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Climate Change Causes Infant Mortality – HotAir

Climate change: is there anything it can’t do?

The answer is no, since there is no such thing as truth or facts, only the Narrative™.

According to the World Health Organization, climate change is the underlying cause for an uptick in low birthweight, high birthweight, and stillborn infants.

The WHO, famous for its accurate and timely advice on the origins, treatment, and precautions regarding the COVID-19 pandemic, is advising us all to make radical changes to our economies and our lifestyles in order to address the climate crisis.

The WHO, who seem not quite to understand that human beings developed and live in warmer equatorial regions, is very worried that global warming is a huge problem.

Our changing climate may compromise the health of our babies before they’ve even exited the womb.

There’s growing evidence extreme temperatures and natural disasters are linked to premature births, stillbirths and even abnormal gestational weight and size in many parts of the world — including Australia.

And with global temperatures on the up and up, and natural disasters becoming more frequent, the World Health Organization (WHO) says mothers and their babies are in danger.

“Climate change is a growing threat to maternal, newborn and child health that can no longer be ignored,” the WHO says.

Inaction could even mean we lose some of the hard-won advances for maternal and newborn survival we’ve made in recent decades.

But the capacity for expectant mothers, particularly the most marginalised, to shield themselves from environmental stressors is pretty limited.

And considering Australia is one of the developed countries most vulnerable to the effects of climate change, experts say we need large-scale interventions now.

The WHO hasn’t quite noticed, it appears, that there has been a massive migration in places like the United States from cooler to warmer regions and that humans, as a rule, don’t seem to like living in cooler places. If you look at where humans settled as we moved out of Africa, something stands out: people didn’t move to northern regions until they had to.

Where did civilization begin? The fertile crescent is located in present-day Iraq. (Go figure). Civilization spread around the Mediterranean. Hmm.

Now, let us assume that there are indeed some minor correlations between man-made increases in temperatures and changes in birth outcomes. The question arises about what steps we can take to improve health incomes for infants. Does spending $5 trillion a year on reducing CO2, or are there more efficient ways to reduce poor outcomes? Such as improved nutrition, better living conditions, more education, or a whole host of other changes?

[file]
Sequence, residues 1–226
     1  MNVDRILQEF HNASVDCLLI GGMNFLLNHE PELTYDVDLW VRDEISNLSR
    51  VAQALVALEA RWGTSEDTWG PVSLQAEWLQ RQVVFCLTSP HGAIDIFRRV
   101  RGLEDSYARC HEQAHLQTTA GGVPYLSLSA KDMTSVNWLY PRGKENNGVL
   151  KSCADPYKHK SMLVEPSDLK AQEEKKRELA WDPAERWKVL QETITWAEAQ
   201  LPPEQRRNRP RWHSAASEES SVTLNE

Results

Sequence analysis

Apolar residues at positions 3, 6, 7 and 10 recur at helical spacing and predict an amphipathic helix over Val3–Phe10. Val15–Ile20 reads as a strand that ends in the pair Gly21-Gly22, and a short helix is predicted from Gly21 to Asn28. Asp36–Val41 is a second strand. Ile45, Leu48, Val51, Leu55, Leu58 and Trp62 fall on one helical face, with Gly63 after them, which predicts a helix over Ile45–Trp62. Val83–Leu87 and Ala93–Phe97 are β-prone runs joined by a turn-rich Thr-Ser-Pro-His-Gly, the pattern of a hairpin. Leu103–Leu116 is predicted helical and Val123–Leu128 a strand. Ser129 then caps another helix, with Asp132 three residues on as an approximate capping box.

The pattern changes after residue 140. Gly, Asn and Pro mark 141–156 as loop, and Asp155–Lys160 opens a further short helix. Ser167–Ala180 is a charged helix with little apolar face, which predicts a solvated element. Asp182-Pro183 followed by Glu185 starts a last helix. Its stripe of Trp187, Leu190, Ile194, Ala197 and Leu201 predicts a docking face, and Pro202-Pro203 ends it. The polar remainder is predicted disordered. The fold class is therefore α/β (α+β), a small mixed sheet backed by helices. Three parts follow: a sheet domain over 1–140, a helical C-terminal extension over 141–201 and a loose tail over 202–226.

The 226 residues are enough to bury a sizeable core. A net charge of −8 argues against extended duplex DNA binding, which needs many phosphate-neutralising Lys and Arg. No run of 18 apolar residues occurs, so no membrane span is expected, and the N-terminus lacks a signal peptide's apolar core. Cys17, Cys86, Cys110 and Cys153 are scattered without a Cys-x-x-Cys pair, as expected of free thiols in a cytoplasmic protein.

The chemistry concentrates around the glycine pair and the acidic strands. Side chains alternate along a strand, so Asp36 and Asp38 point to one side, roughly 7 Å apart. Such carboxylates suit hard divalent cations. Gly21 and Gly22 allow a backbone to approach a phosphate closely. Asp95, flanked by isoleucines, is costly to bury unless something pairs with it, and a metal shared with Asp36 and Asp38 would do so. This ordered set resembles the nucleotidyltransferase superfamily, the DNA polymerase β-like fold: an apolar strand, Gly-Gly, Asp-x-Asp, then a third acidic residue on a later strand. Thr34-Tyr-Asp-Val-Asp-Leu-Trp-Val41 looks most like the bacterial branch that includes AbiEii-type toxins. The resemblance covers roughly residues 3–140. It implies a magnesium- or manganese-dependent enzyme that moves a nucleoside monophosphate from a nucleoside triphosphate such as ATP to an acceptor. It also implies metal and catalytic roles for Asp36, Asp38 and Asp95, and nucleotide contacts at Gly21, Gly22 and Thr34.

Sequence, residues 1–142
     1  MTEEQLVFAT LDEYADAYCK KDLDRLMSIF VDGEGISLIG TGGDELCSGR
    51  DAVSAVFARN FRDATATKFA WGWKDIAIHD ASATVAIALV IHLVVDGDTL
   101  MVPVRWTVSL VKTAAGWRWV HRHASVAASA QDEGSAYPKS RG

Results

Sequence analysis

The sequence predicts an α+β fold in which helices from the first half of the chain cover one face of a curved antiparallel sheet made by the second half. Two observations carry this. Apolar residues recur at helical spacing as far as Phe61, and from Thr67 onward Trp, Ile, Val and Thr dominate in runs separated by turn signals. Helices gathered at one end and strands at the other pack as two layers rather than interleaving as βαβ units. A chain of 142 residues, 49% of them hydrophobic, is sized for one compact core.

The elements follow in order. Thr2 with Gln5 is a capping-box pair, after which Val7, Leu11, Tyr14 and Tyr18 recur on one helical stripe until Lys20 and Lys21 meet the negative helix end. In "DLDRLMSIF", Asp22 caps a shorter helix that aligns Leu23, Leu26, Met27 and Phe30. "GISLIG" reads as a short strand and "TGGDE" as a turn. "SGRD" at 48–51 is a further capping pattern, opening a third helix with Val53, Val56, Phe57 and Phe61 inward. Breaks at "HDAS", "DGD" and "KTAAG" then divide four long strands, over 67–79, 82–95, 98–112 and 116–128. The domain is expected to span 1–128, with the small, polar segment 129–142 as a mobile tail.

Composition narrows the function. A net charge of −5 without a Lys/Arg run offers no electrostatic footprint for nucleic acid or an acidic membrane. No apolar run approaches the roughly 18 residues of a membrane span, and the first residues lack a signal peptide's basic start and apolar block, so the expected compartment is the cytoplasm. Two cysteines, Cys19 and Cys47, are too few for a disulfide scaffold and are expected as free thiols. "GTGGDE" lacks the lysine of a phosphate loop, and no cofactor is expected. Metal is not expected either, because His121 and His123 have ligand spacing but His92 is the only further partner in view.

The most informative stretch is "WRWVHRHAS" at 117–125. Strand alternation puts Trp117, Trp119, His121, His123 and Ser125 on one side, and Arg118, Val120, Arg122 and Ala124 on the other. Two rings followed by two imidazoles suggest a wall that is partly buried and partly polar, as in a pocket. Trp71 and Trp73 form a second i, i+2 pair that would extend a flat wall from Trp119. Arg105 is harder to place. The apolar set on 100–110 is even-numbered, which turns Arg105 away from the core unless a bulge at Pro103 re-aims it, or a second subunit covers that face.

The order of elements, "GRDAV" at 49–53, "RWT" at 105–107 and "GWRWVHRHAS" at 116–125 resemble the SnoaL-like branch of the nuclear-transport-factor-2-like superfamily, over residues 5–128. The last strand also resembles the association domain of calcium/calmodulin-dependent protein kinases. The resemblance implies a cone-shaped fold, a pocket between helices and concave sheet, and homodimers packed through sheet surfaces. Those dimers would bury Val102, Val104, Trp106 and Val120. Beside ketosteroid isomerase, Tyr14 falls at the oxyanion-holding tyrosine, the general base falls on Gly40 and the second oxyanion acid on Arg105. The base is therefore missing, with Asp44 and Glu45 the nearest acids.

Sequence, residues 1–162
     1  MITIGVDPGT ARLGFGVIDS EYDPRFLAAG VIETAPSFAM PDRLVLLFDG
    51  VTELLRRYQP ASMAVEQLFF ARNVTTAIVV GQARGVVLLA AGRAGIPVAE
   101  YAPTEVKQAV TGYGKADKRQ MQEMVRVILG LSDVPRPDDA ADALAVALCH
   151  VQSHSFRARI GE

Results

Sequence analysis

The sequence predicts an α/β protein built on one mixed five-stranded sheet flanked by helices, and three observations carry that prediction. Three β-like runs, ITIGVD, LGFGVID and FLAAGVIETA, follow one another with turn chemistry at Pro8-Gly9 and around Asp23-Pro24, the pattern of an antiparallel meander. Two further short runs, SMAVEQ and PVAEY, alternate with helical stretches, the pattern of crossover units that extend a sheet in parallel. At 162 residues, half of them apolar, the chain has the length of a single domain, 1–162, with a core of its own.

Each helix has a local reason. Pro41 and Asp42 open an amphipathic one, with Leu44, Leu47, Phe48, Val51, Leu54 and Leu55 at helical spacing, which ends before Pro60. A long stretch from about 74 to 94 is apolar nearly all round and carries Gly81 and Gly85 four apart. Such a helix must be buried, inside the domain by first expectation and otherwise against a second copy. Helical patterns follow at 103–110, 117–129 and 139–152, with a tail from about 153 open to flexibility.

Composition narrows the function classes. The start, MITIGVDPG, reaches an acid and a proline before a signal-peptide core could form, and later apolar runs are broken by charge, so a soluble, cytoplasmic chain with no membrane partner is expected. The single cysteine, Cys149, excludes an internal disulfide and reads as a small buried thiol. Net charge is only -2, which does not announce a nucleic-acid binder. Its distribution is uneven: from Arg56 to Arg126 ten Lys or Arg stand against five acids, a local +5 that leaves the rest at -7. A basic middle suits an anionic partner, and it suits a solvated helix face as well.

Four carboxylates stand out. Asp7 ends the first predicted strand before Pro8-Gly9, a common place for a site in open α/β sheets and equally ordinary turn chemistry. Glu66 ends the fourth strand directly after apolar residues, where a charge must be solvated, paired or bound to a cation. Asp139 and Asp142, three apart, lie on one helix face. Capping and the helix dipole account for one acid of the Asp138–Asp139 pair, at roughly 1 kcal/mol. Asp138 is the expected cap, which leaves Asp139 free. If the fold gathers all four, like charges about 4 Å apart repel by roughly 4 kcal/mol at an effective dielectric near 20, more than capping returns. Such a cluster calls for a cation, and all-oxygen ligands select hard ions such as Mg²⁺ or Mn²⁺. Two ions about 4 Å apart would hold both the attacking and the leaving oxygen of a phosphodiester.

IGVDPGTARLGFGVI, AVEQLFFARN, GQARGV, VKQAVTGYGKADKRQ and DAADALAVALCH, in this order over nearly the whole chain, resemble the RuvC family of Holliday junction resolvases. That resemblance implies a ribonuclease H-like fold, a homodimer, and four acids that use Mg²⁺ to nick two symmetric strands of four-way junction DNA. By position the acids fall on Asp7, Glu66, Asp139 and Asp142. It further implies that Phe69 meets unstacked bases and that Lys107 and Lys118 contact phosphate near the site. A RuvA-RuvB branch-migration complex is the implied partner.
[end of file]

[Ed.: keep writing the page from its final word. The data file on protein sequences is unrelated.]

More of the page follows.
Obviously yes. Despite the fact that John Kerry and company want to completely upend our economy, there is no possible way that we couldn’t improve outcomes for people by spending resources far more wisely. Increased lifespans and prosperity are highly correlated–just look at human lifespans and infant mortality rates pre- and post- fossil fuel use and it is obvious that high energy consumption economies are far better off than poorer ones.

Not that there is anything to this correlation. Obviously heat stress, like any other kind of physiological stress, can have health effects. But has anyone noticed that the places in the world with the highest birth rates are not in the temperate regions?

All this is to say that the WHO is full of crap, as usual. The premise is wrong because the study on which it is based is hopelessly compromised–income and education have a much higher correlation with infant health than heat–and even if true the proposed solution of making everybody vastly poorer is exactly the wrong thing to do. Increasing wealth and adapting to changes would be cheaper and more effective than upending the world economy.

Whatever they are, the WHO is not filled with idiots. They know this. What they are doing is starting with the conclusion that the elites should run the world economy and do as they will, and working their way backward to find excuses to make it so.

Transitioning to “sustainable” energy when and if it becomes economically practical is a fine idea, but that time is not now. Increasing the wealth of the poorer regions of the world could save millions of lives, and doing that requires cheap and reliable energy.

In other words, fossil fuels.



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